Shirley Paden: Design Star

Oriel Lace Blouse by Shirley Paden
Pewter Coat by Shirley Paden

I've long admired Shirley Paden. It all started with her Pewter Coat, a beautiful swing coat that includes a lot of little design extras, like doing all the shaping simply by changing needle sizes! There's a note in the pattern that says to be sure to remember to change both needles when you change sizes. I found this really funny because I've often changed just one needle in these situations and not noticed until I've had several uneven rows to contend with (if you use circular needles, you're all set).

We've recently put together a collection of Shirley's work, A Designer Profile eBook, with 6 Knitting Patterns by Shirley Paden, and it's full of some of her best patterns, including the Pewter Coat and another favorite of mine, the Oriel Lace Blouse.

The Oriel  Blouse is knit from Alchemy Silken Straw, which is an amazing yarn, and Shirley's design really shows it off. Silken Straw is a 100 percent silk tape-like yarn that, after blocking, transforms into a soft, drapey fabric. To die for, especially in Shirley's stunning lace Oriel Blouse.

Shirley recently talked to Interweave Knits' Bethany Lyttle, and I thought you'd enjoy reading some of their conversation.

"People often have a misguided idea about me and design. They think it's easy for me, that I zip along without my own frustrations or disappointments or confusions. But as I always say to my students, 'When it comes to knitting a design that you've created, there's only one thing you can count on: something is going to go wrong!'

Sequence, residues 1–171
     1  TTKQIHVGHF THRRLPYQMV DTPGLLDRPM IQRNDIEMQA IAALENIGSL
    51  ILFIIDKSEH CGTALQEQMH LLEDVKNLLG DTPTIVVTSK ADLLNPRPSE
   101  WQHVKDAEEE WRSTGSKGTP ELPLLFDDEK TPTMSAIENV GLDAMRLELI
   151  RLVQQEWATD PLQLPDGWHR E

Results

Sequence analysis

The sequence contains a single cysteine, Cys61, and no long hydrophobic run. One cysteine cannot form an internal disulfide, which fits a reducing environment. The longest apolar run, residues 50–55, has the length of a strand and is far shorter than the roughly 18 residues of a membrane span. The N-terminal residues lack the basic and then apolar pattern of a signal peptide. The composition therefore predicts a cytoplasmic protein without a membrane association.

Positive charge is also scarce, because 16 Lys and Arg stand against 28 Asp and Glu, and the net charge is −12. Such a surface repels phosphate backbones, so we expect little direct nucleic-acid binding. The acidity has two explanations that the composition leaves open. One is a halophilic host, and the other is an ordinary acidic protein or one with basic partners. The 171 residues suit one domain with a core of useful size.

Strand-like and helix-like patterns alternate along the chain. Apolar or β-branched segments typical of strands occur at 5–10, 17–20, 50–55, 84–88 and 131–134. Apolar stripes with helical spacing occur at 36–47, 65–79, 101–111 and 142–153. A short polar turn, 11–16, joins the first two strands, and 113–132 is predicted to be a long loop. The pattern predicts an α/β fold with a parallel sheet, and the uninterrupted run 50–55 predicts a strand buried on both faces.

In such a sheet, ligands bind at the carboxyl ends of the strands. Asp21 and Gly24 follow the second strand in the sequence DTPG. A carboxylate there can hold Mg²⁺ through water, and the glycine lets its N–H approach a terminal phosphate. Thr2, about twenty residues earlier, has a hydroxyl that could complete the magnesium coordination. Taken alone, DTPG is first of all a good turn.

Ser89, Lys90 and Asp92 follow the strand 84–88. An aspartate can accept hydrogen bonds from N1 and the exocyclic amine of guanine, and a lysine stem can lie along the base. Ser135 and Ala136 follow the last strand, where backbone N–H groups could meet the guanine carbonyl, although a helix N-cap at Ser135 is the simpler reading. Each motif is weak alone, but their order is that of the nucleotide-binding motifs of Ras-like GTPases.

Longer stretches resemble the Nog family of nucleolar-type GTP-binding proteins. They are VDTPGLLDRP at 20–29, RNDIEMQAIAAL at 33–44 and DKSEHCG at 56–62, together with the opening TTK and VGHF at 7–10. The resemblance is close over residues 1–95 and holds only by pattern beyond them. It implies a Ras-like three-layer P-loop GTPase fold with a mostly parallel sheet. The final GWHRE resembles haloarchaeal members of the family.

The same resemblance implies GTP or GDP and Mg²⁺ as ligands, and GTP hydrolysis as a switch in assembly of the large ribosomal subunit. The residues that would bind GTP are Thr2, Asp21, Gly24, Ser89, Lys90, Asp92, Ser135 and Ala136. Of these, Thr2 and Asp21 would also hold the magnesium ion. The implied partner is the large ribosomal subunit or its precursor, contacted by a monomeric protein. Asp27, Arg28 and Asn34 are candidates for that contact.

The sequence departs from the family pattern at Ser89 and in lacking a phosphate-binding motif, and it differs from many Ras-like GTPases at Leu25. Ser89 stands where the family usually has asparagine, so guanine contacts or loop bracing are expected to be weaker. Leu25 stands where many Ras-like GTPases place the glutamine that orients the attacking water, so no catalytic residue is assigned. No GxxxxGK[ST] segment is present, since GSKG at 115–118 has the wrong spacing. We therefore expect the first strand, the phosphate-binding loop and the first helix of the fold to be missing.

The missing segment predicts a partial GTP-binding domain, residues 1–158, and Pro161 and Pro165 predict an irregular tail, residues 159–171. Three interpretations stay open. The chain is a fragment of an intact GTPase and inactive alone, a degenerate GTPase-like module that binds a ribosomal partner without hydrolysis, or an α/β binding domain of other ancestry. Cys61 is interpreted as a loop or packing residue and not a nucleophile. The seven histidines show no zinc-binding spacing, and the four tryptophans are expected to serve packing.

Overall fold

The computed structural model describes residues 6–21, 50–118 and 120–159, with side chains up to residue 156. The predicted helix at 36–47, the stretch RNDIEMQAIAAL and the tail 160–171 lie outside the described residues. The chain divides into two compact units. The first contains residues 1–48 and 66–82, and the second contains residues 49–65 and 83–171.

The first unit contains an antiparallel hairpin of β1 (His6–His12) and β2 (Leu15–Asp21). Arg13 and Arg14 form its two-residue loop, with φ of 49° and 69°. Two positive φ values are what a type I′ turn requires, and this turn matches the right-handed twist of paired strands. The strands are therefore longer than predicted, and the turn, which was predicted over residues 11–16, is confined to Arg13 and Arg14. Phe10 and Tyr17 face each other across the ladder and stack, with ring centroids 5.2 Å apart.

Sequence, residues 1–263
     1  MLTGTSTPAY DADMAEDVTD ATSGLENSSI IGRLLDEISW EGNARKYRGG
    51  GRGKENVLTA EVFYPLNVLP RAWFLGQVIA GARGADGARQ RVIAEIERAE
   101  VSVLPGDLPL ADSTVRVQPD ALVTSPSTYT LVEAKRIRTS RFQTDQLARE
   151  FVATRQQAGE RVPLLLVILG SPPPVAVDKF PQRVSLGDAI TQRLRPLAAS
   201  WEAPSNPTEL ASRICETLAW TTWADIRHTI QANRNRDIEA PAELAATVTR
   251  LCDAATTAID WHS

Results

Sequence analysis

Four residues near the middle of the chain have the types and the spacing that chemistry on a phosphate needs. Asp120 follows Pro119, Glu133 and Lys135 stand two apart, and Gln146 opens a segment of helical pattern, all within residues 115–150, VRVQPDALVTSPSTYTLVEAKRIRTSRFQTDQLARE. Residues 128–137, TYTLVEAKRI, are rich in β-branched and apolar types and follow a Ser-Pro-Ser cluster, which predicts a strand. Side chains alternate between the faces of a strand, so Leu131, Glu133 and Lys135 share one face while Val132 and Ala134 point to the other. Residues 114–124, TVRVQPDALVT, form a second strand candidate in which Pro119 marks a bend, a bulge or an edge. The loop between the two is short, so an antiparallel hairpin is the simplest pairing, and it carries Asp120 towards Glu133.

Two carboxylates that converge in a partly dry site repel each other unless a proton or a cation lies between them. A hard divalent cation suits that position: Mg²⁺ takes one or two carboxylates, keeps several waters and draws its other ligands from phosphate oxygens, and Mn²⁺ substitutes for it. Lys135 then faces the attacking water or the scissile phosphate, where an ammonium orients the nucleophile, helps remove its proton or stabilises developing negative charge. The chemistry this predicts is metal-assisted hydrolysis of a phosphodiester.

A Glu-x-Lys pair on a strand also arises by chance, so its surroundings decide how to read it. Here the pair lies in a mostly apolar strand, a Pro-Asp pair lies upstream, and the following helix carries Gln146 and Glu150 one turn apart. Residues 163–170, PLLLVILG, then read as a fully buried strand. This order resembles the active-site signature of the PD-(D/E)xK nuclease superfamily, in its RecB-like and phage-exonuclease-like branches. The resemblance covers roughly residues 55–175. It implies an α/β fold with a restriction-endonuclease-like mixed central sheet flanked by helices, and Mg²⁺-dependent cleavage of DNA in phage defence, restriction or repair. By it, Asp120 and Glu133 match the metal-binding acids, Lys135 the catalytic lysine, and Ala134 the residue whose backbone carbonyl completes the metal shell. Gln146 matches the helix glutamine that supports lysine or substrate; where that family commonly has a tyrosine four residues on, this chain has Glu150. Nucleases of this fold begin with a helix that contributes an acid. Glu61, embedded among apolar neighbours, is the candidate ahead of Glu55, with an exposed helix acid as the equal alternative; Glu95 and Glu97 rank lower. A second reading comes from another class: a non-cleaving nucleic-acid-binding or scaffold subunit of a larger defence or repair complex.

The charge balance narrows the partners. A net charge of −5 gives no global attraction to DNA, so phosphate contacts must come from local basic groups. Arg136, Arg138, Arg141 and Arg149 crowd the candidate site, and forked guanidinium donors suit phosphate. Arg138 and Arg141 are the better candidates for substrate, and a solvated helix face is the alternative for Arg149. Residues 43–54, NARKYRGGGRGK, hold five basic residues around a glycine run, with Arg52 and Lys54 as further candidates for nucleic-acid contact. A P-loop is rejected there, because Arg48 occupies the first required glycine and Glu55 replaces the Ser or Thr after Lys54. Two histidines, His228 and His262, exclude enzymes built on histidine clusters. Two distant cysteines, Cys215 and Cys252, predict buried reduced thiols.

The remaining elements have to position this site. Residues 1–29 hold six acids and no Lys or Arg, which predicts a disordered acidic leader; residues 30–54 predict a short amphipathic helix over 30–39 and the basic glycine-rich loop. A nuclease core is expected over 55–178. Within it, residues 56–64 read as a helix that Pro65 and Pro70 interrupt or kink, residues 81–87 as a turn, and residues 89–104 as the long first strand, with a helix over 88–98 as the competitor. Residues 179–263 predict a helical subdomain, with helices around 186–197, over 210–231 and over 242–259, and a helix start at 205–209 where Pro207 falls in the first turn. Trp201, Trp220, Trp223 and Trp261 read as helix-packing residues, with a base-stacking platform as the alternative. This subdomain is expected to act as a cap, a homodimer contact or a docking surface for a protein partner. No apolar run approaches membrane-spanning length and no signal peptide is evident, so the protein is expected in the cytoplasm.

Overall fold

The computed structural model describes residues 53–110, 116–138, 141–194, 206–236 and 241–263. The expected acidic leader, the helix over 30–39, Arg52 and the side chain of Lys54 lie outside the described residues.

All the careful planning in the world won't prevent those moments where you put needle to yarn and discover that you've not taken a certain variable into account, or haven't looked at a detail from a particular perspective. In fact, to this day, even with all my experience (I've been knitting since I was about nine years old, have taught countless design classes, have my own custom design business and so on) no project goes forward without a hitch. That's why at the beginning of any design class, I always laugh before we start and say, 'Let's pray!'

But what I've come to realize is that moments like this are the best part of the knitwear design experience. Because suddenly you are doing more than reading a chart or a series of instructions. You are interacting with your own vision, pulling it out of some sort of abstract universe and making it real, making it become what you'd hoped for all along.

The mistakes that get made when you're designing are different than the mistakes you make when you overlook a row on a store-bought chart or when you drop a stitch. The mistakes you make when you're working up your own creation add up to what I call 'design wisdom.' Somehow they really stay with you and get incorporated into your 'knitting brain'! The next time you begin a project, those skills are at the ready." They are waiting for you.

So, if you wonder how I design or why I keep wanting to design, you have your answer now. To watch the process of a vision unfold, take form, and live in the world-something unique to the knitter who creates it—is awe-inspiring. Why would I want to do anything else?"

Indeed. I, for one, am glad that Shirley doesn't want to do anything else!

Check out her eBook A Designer Profile eBook, with 6 Knitting Patterns by Shirley Paden today!


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